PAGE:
Archives

  • 2018-07
  • 2019-04
  • 2019-05
  • 2019-06
  • 2019-07
  • 2019-08
  • 2019-09
  • 2019-10
  • 2019-11
  • 2019-12
  • 2020-01
  • 2020-02
  • 2020-03
  • 2020-04
  • 2020-05
  • 2020-06
  • 2020-07
  • 2020-08
  • 2020-09
  • In conclusion our results demonstrate that

    2020-09-16

    In conclusion, our results demonstrate that CCLP promoted osteoblast proliferation, differentiation, and mineralization via activation of ERK, p38, and Smad1/5/8 (Fig. 9). The residues of the GGKQNVGFGP-sequence in CCLP showed the highest significant binding relationship with the target activin receptor. These findings provide a new insight into the effect of CCLP on osteoblast proliferation and differentiation and may eventually contribute to the treatment of bone diseases such as osteoporosis and management of bone repair by promoting bone formation.
    Conflict of interest
    Acknowledgment This research was supported by a grant from Marine Biotechnology Program (20150220) funded by Ministry of Oceans and Fisheries, Republic of Korea.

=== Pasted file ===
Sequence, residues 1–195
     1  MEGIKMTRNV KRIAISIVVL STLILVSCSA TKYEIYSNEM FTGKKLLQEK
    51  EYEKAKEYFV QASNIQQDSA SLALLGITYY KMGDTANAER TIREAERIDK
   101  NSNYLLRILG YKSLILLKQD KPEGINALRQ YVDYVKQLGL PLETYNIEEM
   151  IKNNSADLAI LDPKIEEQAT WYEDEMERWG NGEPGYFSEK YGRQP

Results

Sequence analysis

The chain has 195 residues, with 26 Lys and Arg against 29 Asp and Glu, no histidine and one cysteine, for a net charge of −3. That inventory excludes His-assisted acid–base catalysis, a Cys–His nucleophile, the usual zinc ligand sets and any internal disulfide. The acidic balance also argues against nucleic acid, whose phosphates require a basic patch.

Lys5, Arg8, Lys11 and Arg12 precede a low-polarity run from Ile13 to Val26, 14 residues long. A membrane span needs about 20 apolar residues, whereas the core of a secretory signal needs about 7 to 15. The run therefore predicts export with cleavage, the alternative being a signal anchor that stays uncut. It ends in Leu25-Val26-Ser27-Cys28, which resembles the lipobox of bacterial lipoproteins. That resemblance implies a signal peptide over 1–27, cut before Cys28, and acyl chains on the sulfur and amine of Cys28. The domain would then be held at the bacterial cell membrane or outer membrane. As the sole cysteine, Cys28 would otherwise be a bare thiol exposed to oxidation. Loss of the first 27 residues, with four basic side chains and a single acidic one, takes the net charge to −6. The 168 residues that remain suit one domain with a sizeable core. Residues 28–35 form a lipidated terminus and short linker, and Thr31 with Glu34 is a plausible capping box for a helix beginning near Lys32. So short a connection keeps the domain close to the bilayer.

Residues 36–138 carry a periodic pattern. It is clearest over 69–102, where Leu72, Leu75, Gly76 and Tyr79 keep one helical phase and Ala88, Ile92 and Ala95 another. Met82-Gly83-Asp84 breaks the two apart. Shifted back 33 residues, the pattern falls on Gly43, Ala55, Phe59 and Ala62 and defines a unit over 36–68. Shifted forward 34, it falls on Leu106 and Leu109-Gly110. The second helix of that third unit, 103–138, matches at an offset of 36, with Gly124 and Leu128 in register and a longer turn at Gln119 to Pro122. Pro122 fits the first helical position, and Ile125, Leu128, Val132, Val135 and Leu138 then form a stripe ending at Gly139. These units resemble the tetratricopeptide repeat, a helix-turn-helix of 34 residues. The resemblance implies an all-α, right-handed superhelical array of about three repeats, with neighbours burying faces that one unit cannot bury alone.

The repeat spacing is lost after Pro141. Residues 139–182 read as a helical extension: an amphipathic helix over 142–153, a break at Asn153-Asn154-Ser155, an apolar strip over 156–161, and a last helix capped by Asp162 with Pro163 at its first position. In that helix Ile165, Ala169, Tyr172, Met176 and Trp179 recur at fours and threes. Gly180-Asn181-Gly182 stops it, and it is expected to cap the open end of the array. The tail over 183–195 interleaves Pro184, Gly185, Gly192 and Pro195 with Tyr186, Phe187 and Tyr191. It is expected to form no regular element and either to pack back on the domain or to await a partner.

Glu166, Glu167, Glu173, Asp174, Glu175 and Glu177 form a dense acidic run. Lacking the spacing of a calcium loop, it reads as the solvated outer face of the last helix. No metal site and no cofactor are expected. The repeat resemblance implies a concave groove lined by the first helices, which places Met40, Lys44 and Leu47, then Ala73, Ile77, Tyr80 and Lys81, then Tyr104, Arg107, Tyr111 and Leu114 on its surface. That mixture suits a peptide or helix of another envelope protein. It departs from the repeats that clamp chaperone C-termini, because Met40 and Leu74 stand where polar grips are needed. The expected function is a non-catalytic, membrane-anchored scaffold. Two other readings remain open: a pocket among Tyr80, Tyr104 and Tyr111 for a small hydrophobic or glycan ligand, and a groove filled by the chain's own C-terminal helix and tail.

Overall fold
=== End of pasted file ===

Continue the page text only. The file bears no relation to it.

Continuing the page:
Introduction The first defense a pathogen, allergen, or environmental pollutant encounters when challenging the eye is the tear film. The tear film is produced in part by the conjunctiva which is a mucous membrane that functions as a part of the innate immune system of the eye, and provides a critical barrier between the ocular surface and the environment. The conjunctiva is comprised of stratified epithelial cells, a basement membrane and stroma. Within the epithelial layer of the conjunctiva are goblet cells. Conjunctival goblet aldose reductase inhibitors produce and secrete the high molecular weight glycoconjugate mucin MUC5AC, which protects the ocular surface by trapping pathogens, allergens, and environmental pollutants and removing them from the ocular surface by drainage through the nasolacrimal duct (Dartt and Masli, 2014; Jumblatt et al., 1999; Mantelli and Argueso, 2008). In uncontrolled inflammatory diseases like dry eye disease and allergic conjunctivitis, mucin secretion is dysregulated (Mantelli and Argueso, 2008; Govindarajan and Gipson, 2010; Contreras-Ruiz et al., 2013; McGilligan et al., 2013). Patients with dry eye disease usually have decreased tear film mucin and may suffer from burning, itching and blurred vision. Studies also show substantially decreased quality of life for these patients (Uchino and Schaumberg, 2013). Patients with allergic conjunctivitis have increased tear film mucins, but similarly to patients with dry eye, complain of symptoms including itching, redness and tearing. Vernal keratoconjunctivitis, a very severe form of allergic conjunctivitis, may even lead to vision loss (La Rosa et al., 2013). Dry eye disease and allergic conjunctivitis both have dysregulated tear film mucin production and both are growing public health problems for which current treatments are limited (Gayton, 2009; Gomes, 2014). Inflammation is crucial in order to remove pathogens, allergens, and environmental pollutants from the body. However, uncontrolled inflammation can occur without a pathogen, allergen, or tissue damage present, leading to unnecessary discomfort and tissue damage. In recent years, it has been established that there are lipid mediators which actively terminate the inflammation. These mediators are known as specialized pro-resolving mediators (SPMs) and consist of families termed resolvins, lipoxins, protectins and maresins (Serhan, 2014; Serhan and Chiang, 2013). The present study focuses on the SPM resolvin E1 (RvE1), which is produced from the omega-3 fatty acid eicosapentanoic acid (EPA) (Serhan et al., 2004). RvE1 induces intracellular signaling pathways through the ChemR23/ERV-1 receptor (Ohira et al., 2010). ChemR23 has been detected earlier by immunohistochemistry in rat conjunctival goblet cells (Dartt et al., 2011). Numerous studies show that RvE1 reduces inflammation in the eye. We demonstrated that RvE1 blocks the pro-inflammatory leukotriene (LT) D4-stimulated increase in goblet cell secretion from cultured rat conjunctival goblet cells (Dartt et al., 2011). In a murine model of dry eye disease, topical application of RvE1 decreased inflammatory markers and increased the number of goblet cells and tear production (Li et al., 2010; de Paiva et al., 2012). In other studies, RvE1 decreased inflammation in the cornea (Lee et al., 2015; Rajasagi et al., 2011; Jin et al., 2009). The long acting RvE1 analog RX-10045 reduced postoperative complications after laser refractive surgery (Torricelli et al., 2014). Furthermore, multiple studies indicate that a dietary intake of omega-3 fatty acids including EPA has a beneficial effect on dry eye disease (Miljanovic et al., 2005; Viau et al., 2009). To date, RvE1 has been used in one clinical trial where an analog of RvE1 reduced symptoms in dry eye disease patients (Serhan et al., 2014). Studies on a molecular level, in animal models and a clinical trial implicate a role for RvE1 in terminating ocular surface inflammation.